A 24-year-old Australian national has been charged for his purported role in the creation and sale of spyware for use by child sex offenders and domestic violence perpetrators.
Jacob Wayne John Keen, from Melbourne, is said to have created the remote access trojan (RAT) when he was 15, alongside working as an administrator for the tool from 2013 until it was shutdown in 2019 by the authorities.
The Australian Federal Police (AFP) alleged in a press release over the weekend that: “The Frankston man engaged with a network of individuals and sold the spyware, named Imminent Monitor (IM), to more than 14,500 individuals across 128 countries.”
The defendant has been given six counts of committing a computer offense by developing and supplying the malware, as well as profiting off its illegal sale.
A 42 year old woman, who also lives in the same house as the accused (and has been identified by The Guardian as the accused’s mother), has been charged with “dealing with the proceeds of crime.”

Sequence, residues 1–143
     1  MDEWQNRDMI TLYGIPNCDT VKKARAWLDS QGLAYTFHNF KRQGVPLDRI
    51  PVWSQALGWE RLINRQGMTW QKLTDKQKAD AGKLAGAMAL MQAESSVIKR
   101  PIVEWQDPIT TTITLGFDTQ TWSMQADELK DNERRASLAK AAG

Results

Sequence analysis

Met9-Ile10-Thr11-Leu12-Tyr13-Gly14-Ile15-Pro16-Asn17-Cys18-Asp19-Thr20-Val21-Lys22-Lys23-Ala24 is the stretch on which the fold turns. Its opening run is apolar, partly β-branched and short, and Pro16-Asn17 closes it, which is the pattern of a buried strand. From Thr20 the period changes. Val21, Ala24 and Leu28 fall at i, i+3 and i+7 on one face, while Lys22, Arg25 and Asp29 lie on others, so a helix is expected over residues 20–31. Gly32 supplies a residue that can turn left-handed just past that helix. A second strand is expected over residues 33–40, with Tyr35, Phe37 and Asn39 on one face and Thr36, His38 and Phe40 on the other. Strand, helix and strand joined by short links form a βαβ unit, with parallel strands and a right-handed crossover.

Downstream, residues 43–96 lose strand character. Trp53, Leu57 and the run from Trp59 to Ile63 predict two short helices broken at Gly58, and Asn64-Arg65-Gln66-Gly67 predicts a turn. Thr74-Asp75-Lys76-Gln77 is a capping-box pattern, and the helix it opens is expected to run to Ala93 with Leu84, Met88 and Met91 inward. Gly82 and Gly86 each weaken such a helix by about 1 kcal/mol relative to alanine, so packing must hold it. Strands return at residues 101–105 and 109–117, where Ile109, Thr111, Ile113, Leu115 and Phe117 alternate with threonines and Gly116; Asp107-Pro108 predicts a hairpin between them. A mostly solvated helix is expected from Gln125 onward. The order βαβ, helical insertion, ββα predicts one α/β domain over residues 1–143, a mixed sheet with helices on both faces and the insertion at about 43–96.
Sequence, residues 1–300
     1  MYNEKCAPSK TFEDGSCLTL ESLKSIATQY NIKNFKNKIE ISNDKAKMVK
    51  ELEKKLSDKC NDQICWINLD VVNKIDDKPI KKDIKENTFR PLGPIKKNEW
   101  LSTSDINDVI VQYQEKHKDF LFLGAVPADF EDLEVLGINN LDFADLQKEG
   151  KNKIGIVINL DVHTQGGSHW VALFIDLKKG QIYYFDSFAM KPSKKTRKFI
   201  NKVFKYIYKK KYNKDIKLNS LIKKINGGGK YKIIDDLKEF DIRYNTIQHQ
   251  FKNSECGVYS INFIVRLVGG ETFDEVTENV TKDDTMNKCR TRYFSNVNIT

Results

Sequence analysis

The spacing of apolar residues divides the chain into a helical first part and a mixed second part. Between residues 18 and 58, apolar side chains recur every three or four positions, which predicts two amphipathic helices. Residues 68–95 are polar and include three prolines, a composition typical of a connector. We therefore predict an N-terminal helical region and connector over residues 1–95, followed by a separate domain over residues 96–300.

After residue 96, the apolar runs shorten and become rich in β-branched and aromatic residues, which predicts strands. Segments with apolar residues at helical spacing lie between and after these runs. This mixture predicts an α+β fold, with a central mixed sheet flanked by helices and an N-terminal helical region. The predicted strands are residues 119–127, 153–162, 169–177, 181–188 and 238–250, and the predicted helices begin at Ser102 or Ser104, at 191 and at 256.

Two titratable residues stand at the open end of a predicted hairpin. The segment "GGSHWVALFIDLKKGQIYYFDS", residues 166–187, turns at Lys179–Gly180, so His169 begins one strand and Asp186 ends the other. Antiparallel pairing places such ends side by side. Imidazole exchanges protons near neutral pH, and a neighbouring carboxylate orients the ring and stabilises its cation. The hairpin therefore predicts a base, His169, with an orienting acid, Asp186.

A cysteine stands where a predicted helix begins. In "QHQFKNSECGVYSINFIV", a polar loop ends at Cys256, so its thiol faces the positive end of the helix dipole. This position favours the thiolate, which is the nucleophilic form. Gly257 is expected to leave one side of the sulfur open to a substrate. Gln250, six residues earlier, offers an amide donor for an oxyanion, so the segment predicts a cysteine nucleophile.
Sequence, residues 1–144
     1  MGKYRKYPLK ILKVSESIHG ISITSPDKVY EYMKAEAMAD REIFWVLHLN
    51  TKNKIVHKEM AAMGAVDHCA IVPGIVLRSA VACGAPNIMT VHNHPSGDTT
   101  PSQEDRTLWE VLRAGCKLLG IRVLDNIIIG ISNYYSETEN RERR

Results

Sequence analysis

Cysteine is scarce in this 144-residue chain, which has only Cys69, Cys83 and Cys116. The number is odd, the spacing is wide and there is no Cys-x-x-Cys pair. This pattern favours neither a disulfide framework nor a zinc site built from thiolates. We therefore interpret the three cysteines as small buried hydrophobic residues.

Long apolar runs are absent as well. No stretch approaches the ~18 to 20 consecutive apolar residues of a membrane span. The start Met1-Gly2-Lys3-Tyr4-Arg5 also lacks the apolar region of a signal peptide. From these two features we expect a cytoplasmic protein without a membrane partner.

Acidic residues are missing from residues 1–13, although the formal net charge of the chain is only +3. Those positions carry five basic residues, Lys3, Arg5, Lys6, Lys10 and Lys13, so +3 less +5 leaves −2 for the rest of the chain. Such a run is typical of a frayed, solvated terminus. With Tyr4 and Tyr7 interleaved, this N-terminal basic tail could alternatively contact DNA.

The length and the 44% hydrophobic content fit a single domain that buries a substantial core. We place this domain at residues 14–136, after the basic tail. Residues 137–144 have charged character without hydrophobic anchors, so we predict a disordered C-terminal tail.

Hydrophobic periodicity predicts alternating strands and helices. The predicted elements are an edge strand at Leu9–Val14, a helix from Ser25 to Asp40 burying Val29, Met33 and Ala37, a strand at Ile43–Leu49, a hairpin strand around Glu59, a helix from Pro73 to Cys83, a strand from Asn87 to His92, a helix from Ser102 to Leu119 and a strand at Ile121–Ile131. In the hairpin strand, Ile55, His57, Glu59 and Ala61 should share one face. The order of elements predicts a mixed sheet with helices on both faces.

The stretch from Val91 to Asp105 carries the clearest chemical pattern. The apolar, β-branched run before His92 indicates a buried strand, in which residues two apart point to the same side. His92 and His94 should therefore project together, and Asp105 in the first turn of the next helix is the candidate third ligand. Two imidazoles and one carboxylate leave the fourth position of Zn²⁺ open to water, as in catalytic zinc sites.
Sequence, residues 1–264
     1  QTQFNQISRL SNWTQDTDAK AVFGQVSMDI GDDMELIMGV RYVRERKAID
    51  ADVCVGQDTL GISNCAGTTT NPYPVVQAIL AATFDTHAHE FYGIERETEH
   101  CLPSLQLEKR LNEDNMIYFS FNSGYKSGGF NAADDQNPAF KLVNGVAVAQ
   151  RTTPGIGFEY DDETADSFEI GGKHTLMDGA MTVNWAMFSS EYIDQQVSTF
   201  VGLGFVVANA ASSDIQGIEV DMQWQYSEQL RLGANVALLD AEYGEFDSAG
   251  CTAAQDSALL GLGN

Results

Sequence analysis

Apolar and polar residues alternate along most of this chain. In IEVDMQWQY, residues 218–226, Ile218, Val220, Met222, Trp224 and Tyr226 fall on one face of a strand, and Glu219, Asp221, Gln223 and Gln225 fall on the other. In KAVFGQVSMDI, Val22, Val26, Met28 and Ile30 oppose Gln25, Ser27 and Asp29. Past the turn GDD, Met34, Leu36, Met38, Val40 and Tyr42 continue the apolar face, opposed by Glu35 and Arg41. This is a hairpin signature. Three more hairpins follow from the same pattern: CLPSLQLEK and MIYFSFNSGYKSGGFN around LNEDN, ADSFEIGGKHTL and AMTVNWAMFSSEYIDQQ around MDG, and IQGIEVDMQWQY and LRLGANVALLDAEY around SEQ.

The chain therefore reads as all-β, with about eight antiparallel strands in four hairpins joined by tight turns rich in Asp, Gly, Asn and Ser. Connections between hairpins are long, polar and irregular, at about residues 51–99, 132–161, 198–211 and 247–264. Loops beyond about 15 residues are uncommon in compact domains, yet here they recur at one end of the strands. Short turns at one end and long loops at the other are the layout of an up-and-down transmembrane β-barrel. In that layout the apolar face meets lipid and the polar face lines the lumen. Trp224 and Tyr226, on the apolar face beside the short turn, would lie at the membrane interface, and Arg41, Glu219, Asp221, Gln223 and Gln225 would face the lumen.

The AFP said the investigation, codenamed Cepheus, was set in motion in 2017 when it received information about a “suspicious RAT” from cybersecurity firm Palo Alto Networks and the US FBI.
The operation, which saw 85 search warrants executed globally in collaboration with many European Law agencies, culminated in the seizure of 434 devices and the arrest of 13 people for using the malware for dodgy purposes.
No less than 201 individuals obtained by the RAT in Australia alone.
Imminent Monitor, distributed via emails and text messages, came with capabilities to quietly log keystrokes as well as record the devices’ webcams and microphones, making it a good tool for users to keep tabs on targets.
The surveillanceware was sold for about AUS$35 on an underground hacking forum. The operator is said to have made between $300,000 and $400,000.
If proven guilty, the individual faces a maximum of 20 years imprisonment.
The AFP commander of cybercrime operation, Chris Goldsmid, said “these types of malware are so nefarious because it can provide an offender virtual access to a victim’s bedroom or home without their knowledge.”
“Unfortunately there are criminals who not only use these tools to steal personal information for financial gain but also for very intrusive and despicable crimes.”